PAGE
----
Sharing insights, information and inspiration
Trends for 2019 from Milan Salone del Mobile
April 25, 2019
The Salone del Mobile trade fair in Milan just wrapped up a few days ago. It took place after much anticipation, hard work, creativity, and then delight for all who participated and attended. I cannot claim to be lucky enough to be nursing my sore feet after having visited the kilometers of exhibits covering the city, but I do have sore eyes after poring over dozens of articles and hundreds of images covering this design industry must-see.
Post show, the media who cover this beast of an event have started to come out with their observations, reviews, analysis and opinions. I have put together a summary of the trends that could be observed for 2019. Some pertain to what was seen for interiors, but as is often the case, exterior spaces soon follow suit with designs that echo interior trends. So, grab a cup of coffee, or beverage of choice and take a journey with me to Milan and the world of design, and towards what we will be seeing coming towards our spaces here in Canada, and how it is relevant for our green industry.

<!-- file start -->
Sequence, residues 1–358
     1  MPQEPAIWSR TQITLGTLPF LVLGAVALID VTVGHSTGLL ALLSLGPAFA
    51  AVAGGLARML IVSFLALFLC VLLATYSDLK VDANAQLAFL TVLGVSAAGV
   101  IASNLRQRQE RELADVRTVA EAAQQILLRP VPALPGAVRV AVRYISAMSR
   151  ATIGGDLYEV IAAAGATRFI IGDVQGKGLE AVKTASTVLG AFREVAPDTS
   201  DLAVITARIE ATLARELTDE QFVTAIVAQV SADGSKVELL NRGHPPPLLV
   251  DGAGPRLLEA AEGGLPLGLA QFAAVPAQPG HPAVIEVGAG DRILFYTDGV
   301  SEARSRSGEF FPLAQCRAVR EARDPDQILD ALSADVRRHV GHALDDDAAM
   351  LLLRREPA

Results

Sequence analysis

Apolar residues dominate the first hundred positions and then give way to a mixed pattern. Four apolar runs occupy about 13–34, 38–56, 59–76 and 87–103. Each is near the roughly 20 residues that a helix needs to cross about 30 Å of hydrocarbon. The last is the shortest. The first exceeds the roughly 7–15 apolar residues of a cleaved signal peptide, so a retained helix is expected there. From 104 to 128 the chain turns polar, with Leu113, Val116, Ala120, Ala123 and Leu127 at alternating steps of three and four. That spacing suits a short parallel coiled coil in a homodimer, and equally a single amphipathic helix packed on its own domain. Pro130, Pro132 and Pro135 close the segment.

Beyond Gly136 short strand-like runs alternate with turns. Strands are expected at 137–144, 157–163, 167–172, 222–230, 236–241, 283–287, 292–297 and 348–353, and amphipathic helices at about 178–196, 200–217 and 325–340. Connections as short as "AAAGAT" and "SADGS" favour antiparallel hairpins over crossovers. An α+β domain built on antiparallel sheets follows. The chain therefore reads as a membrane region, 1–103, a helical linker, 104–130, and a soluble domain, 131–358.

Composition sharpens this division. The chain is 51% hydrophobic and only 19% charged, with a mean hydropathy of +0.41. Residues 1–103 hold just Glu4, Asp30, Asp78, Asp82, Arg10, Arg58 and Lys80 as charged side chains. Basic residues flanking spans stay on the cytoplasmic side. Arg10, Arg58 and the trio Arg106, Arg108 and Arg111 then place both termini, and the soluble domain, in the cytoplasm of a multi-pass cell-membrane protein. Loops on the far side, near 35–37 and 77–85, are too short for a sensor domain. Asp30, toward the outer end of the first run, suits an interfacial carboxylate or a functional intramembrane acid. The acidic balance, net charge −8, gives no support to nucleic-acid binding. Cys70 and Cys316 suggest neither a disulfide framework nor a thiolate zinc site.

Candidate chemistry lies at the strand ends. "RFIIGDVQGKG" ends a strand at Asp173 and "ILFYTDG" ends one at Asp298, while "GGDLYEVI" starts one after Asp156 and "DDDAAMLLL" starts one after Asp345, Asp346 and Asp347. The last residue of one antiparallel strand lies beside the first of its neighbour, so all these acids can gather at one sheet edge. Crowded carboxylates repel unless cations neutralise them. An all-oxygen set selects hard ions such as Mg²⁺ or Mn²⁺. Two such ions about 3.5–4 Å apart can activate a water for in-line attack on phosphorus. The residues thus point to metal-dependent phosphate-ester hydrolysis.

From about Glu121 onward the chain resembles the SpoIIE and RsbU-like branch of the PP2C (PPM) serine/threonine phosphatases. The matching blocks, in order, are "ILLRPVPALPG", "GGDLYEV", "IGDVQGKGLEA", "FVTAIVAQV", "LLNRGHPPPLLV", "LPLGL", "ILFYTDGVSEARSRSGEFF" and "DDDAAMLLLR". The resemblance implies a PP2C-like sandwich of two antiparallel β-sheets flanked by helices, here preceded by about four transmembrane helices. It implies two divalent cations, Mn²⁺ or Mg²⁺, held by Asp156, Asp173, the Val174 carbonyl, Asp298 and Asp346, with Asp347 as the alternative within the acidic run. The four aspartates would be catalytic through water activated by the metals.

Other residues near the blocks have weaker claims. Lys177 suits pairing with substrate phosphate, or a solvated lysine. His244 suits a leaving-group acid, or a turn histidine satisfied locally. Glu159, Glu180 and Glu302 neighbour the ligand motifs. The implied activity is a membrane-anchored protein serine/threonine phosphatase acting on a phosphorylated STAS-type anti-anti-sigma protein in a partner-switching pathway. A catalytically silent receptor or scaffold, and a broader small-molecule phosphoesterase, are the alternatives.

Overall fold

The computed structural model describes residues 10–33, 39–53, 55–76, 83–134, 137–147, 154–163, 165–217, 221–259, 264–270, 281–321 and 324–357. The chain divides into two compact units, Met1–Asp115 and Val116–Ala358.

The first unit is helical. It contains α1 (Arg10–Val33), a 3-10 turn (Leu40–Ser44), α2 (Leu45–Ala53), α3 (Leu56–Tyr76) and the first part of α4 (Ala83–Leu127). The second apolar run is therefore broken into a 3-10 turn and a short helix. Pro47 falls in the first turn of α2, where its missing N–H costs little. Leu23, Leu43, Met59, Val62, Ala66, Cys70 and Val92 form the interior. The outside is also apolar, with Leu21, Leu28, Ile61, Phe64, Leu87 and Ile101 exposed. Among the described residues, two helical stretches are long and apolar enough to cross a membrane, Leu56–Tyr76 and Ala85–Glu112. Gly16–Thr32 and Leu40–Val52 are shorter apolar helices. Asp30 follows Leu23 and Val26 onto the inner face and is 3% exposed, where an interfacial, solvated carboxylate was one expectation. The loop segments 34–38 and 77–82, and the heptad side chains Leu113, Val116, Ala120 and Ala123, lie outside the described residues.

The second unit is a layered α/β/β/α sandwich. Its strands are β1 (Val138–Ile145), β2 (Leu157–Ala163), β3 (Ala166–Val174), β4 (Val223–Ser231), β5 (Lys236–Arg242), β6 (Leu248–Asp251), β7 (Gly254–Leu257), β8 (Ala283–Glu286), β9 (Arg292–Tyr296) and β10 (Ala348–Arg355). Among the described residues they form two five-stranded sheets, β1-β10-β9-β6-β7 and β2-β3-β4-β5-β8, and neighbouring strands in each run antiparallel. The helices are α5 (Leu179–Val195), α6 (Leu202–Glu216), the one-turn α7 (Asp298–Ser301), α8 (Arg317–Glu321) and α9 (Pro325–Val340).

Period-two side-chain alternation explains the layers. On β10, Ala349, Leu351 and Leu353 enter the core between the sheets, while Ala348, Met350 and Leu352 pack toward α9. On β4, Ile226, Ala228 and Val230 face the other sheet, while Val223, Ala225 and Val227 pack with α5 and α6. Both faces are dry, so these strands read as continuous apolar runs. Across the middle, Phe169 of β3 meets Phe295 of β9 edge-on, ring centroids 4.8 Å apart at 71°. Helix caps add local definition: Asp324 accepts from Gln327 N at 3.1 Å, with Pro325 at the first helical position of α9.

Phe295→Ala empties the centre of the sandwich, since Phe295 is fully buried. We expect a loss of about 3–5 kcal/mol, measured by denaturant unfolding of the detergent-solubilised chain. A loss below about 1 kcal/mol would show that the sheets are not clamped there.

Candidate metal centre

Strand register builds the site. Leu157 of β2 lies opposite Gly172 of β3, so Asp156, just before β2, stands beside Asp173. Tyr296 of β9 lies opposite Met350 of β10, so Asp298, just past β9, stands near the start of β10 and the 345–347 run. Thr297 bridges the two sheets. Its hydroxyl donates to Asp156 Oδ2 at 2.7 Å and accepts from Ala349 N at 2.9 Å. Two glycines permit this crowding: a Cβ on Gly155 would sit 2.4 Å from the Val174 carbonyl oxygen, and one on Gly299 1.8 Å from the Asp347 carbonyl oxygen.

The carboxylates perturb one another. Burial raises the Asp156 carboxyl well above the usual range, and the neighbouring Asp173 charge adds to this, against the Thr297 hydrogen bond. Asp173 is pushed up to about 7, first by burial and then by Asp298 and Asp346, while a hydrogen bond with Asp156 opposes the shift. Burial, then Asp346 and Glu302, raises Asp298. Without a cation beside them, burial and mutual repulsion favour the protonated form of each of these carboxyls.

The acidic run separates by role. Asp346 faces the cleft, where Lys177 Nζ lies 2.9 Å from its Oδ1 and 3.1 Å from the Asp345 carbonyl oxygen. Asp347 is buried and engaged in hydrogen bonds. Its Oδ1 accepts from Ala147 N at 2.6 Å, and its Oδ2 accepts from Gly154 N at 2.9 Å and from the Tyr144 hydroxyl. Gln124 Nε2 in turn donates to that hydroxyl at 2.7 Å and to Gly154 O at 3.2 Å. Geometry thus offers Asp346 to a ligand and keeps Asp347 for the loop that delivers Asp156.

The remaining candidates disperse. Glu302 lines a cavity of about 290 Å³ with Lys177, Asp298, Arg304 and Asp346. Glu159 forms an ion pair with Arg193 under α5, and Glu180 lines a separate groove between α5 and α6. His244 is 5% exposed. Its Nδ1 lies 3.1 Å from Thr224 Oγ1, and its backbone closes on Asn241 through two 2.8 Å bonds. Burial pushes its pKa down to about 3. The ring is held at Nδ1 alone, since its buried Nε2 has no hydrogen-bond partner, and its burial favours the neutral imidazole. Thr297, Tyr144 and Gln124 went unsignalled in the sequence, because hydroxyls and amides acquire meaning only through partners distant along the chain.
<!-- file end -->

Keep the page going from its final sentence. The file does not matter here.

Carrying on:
What is Salone del Mobile?
“Considered the pinnacle of the world’s design fairs, Milan’s Salone Del Mobile is where the best of the best in the design world converge to present their newest products, statements, installations, and innovations for a week of pure aesthetic indulgence.
Over the years, Salone (as it's called for short) has evolved into more than a place to find the latest in design. It’s fittingly become a platform for the international exchange of ideas, because what is design at its core if not a functional solution to a need? As such, the fair has become a place for artists, brands and curators to come together to participate in conversations from everything from the nature of human connection to politics to the innovation of techniques and material—all through the lens of design.” Forbes
Just over a week ago, 386,236 visitors packed the city for the 58th edition of the Salone del Mobile. The global furniture fair welcomed 2,418 exhibitors from 181 countries. Salone events taking place throughout city drew these hundreds of thousands eager attendees from all domains of the design industry, “many of whom stood in line for hours to experience larger-than-life installations and presentations of cutting-edge products.” Galeriemagazine
“These events are primarily trade fairs for industry to showcase new launches and innovations and for buyers to choose stock for the year to come. Journalists and editors also attend, as do bloggers, industry professionals and the public. Think of it as fashion week for furniture - you look at a lot of very beautiful, well-crafted and expensive pieces and after a while, trends begin to emerge.” Houseandhome
Some of the general trends